Seattle’s favorite blue-eyed soul singer is launching his Capitol Records debut, “Radius,” with an ambitious, weeklong stretch of concerts here.

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The evolution of soul singer Allen Stone has taken him from Chewelah — a small town north of Spokane where he sang in his father’s church as a boy — to concert stages around the world.

With a sound reminiscent of Stevie Wonder, Stone’s self-titled 2011 album — which followed his modest 2010 debut, “Last to Speak” — rocketed to the Top 10 of Billboard’s Heatseekers chart for fast-emerging artists.

Now, Stone is coming home — to Seattle, the city that first embraced the 28-year-old singer with the blond curls and ready smile — to deliver “Evolution of an Artist,” a five-concert series that traces Stone’s growth as a performer, as well as previewing songs from his Capitol Records debut, “Radius,” due May 26.

Concert series preview

Allen Stone

‘Evolution of an Artist’

7:30 p.m. Monday, April 13, at the Triple Door, 216 Union St., Seattle; $45-$95 (206-838-4333 or; 8:30 p.m. Tuesday, April 14, at Nectar Lounge, 412 N. 36th St., Seattle; $40 advance (206-632-2020 or; 8 p.m. Thursday, April 16, at the Crocodile, 2200 Second Ave., Seattle; $35-$85 (206-441-4618 or; 8 p.m. Friday, April 17, at Neumos, 925 E. Pike St., Seattle; $30-$80 (206-709-9467 or; and 8 p.m. Saturday, April 18, at the Paramount Theatre, 911 Pine St., Seattle; $21.25-$50, weeklong pass, $300 (877-784-4849 or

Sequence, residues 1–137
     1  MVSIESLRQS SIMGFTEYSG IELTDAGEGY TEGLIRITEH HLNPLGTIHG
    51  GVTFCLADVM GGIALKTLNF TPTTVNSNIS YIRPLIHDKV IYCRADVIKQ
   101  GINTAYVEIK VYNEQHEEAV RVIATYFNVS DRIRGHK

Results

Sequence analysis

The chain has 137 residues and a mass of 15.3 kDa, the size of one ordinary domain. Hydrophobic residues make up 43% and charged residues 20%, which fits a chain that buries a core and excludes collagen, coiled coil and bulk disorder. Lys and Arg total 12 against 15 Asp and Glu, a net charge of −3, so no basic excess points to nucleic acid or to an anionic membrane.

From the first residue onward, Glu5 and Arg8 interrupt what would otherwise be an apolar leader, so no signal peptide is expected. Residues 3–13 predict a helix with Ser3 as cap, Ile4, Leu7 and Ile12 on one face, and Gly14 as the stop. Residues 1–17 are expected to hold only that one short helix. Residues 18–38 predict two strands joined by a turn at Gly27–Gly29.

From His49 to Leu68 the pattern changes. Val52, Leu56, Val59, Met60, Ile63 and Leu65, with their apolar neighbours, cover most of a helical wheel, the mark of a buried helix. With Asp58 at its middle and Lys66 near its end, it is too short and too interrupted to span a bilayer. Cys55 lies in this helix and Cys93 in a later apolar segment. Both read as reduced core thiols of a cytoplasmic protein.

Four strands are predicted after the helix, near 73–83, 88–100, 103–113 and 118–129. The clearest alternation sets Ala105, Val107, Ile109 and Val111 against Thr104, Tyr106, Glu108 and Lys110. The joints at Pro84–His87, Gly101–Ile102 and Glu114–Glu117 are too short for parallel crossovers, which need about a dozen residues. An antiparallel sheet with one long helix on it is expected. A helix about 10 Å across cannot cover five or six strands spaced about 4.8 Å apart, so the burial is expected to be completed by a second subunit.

Stone opens the weeklong juggernaut Monday, April 13, at the Triple Door, followed by shows at Nectar Lounge, the Crocodile, Neumos and the Paramount Theatre.

Five shows in one week is an ambitious gambit, even for a much-loved local freshly signed to a major label. But it seems to be working. Ryan Cook, the talent buyer for STG Presents, which operates the Paramount Theatre, says Stone’s first four shows have already sold out “and the Paramount is on its way. I think that just shows how popular he is in the area.”

The novel idea of doing a series of Seattle shows to promote the album came up during Stone’s meetings with his management company, GreenLight Media & Marketing. (Microsoft is partnering with GreenLight to produce video content from the shows for Xbox Live and other platforms.) The string of concerts is the first in GreenLight’s “Evolution of an Artist” series, which in the future will feature other artists in other cities.

“Everyone, whether an artist or not, began their careers somewhere — and this series encourages the fans and artists to retrace their footsteps while moving on toward the next chapter,” said Dominic Sandifer, president of GreenLight. “Allen is the perfect representation of the series.”

Stone felt Seattle was the right place to start.

“It’s kind of where my heart is and where my home is,” he said cheerfully in a phone interview from Los Angeles. “It’s really the town that championed me in the beginning.”

Stone’s latter-day hippie look doesn’t quite match the silky sound that comes from his golden throat. But fans have eagerly connected with his rockin’ soul revues.

Growing up as a pastor’s son, Stone was discouraged from listening to secular music as a kid. But as a teenager, he discovered Stevie Wonder, Marvin Gaye, Sly Stone and others, who provided inspiration for his songwriting ambitions.